EU watchdog raises thresholds for exempting CO2 trading firms from MiFID regulations

Published 23:21 on September 28, 2015  /  Last updated at 15:02 on September 29, 2015  /  EMEA, EU ETS  /  No Comments

EU finance authority ESMA on Monday raised the thresholds for exempting carbon trading firms from MiFID regulations due from 2017, potentially making it easier for non-financial companies to avoid costly compliance and reducing the possibility that market liquidity could be hampered.

EU finance authority ESMA on Monday raised the thresholds for exempting carbon trading firms from MiFID regulations due from 2017, potentially making it easier for non-financial companies to avoid costly compliance and reducing the possibility that market liquidity could be hampered.

ESMA published its final technical standards for MiFID II, which updates rules designed to overhaul financial trading to curb the influence of speculation in commodities markets in response to the 2008 financial crisis.

The rules include all EU ETS and UN carbon derivatives, including physically-settled futures that make up the bulk of EU carbon trading, though they don’t regulate trade deemed to be purely for hedging purposes, spot and auction trading, or when firms trade using regulated third parties.

MiFID II establishes position limits on what proportion of the total number of outstanding financial instruments or futures contracts a trading firm can hold.  This can range between 5% and 35% of the total open interest or number of units in circulation, down from 10-40% in earlier drafts.

Less liquid instruments with open interest of, or the number in circulation amounting to, fewer than 10,000 lots will have a position limit of 2,500 lots, the document said.

While all firms dealing in commodity derivatives are subject to some regulation, depending on their size, companies face paying €100,000-€1.5 million upfront for a MiFID trading license, plus ongoing compliance and reporting costs.

The licence fees applies unless firms can show they occupy a small enough market share and that trading is not a sufficiently core part of their business, therefore exempting them from being treated as on par with a regulated financial firm.

Thus, many smaller industrial market participants or firms not likely to be able to afford a full MiFID licence had been eagerly awaiting details for exemptions before they assess whether they would need to alter the way they participate or even exit the market altogether.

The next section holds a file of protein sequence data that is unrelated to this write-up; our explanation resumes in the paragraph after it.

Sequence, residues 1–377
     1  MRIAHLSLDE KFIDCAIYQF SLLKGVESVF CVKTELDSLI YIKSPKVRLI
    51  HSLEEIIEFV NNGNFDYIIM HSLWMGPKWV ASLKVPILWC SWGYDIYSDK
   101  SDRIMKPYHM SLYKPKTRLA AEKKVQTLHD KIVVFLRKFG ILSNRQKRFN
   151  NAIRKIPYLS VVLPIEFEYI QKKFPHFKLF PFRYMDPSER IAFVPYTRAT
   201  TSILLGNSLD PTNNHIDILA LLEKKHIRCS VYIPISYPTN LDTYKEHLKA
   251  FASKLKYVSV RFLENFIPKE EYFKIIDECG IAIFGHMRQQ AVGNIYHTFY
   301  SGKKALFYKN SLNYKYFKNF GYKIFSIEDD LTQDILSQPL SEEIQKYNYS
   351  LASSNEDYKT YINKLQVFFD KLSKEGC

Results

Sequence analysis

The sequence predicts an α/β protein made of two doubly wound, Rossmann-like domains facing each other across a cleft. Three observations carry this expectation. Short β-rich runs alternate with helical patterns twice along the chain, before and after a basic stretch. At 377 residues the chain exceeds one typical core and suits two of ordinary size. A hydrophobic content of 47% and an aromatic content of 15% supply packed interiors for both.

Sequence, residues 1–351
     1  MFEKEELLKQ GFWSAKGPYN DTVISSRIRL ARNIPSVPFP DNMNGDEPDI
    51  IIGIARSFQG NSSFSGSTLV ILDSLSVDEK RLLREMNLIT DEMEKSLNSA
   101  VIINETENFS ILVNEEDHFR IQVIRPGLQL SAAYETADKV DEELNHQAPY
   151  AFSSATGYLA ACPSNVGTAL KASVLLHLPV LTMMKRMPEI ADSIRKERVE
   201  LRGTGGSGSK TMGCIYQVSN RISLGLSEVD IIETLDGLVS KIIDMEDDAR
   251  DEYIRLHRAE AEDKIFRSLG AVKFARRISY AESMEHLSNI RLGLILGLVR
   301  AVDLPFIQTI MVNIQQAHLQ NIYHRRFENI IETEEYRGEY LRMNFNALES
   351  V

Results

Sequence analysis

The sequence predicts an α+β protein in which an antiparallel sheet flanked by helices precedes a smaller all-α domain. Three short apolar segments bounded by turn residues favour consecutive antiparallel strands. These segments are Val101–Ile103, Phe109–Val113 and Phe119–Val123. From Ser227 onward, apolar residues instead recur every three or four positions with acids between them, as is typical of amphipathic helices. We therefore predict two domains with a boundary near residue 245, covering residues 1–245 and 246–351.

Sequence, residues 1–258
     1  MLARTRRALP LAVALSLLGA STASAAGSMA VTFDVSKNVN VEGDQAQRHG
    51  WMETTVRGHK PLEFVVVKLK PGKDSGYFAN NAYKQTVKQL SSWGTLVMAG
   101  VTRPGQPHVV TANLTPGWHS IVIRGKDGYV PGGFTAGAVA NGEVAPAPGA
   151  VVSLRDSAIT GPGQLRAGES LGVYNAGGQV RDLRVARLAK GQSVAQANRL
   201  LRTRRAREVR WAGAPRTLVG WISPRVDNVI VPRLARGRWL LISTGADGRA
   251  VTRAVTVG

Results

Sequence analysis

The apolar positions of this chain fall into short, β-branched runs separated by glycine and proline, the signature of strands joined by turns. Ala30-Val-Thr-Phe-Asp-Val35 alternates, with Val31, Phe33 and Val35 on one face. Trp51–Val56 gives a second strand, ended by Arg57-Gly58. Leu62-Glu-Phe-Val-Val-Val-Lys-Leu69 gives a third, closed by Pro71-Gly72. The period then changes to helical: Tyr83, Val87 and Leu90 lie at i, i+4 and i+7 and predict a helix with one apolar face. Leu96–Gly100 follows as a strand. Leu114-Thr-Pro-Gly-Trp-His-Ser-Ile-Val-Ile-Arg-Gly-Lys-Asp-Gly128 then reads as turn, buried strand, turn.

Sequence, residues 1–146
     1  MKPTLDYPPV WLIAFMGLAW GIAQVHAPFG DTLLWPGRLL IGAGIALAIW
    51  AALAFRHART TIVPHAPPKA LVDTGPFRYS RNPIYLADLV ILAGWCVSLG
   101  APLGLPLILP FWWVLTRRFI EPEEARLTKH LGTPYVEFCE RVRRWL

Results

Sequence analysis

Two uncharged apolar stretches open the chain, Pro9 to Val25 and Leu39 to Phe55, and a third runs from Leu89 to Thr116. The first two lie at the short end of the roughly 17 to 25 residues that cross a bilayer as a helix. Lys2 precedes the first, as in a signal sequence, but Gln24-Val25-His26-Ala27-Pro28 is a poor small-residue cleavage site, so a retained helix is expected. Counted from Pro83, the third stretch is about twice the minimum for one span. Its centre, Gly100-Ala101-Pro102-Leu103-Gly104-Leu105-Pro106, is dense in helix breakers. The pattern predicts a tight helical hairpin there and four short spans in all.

The final proposal should be more favourable to members of carbon trading lobby group IETA, which in March responded to a consultation saying that the draft exemption threshold levels were too low and risked cutting market liquidity by forcing firms to exit the market or restrict trading.

Under the rules, a firm can be exempt if it falls below the thresholds of the following two tests:

1) ‘Market share’ – If it shows its speculative carbon trading activity is lower than 20% of overall EU carbon market activity.

This is the highest threshold of the eight commodity asset classes, with 3% for gas and oil, 6% for power, 10% for coal and 15% for freight. It is also substantially higher than the 0.5% threshold proposed for all asset classes that ESMA set out in its draft proposal last year.

“ESMA does consider it as disproportionate to potentially require non-financial firms to apply for an investment firm licence based on a relatively low absolute amount of trading in the small emission allowance market, especially if this trading is due to compliance activity. Therefore ESMA considers it is justified to impose a significantly higher threshold for emission allowances and their derivatives at 20%.”

2) ‘Main business’ – If it shows its speculative trading activity (of all asset classes) is a sufficiently low proportion of its overall trading activity.

Here, the total trading – including hedging activity in particular – is used as a proxy for the main business of the non-financial entity. But because hedging activity is not wholly accurate as a proxy for the firm’s main business, ESMA adds a backstop provision of market share to ensure the test captures bigger firms only:

  • If speculative trading activity is less than 10% of total trading it is exempt
  • If speculative trading activity is 10-50% of its total trading, it may be exempt providing its market share is less than 50% of each threshold in the market share test (ie. 10% for carbon)
  • If speculative trading activity is above 50% of total trading, it may be exempt providing its market share is less than 20% of each threshold in the market share test (ie. 4% for carbon)

“Calibrating the main business test this way should ensure that only relevant and sizable participants in European commodity derivatives markets should be assessed as not conducting their activities as ancillary to their main business,” ESMA said.

This ‘main business’ test differs from ESMA’s initial proposal, which required a firm’s capital used for speculative trading to be lower than 5% of the capital used for all the company’s EU activities. It said this was to avoid regulatory burdens because many firms would have had to collect additional financial information.

NEXT STEPS

The European Commission has three months to approve ESMA’s final draft standards. Once endorsed, the EU Parliament and member states have an objection period.

If approved, the rules come into effect from January 2017.

By Ben Garside – ben@carbon-pulse.com

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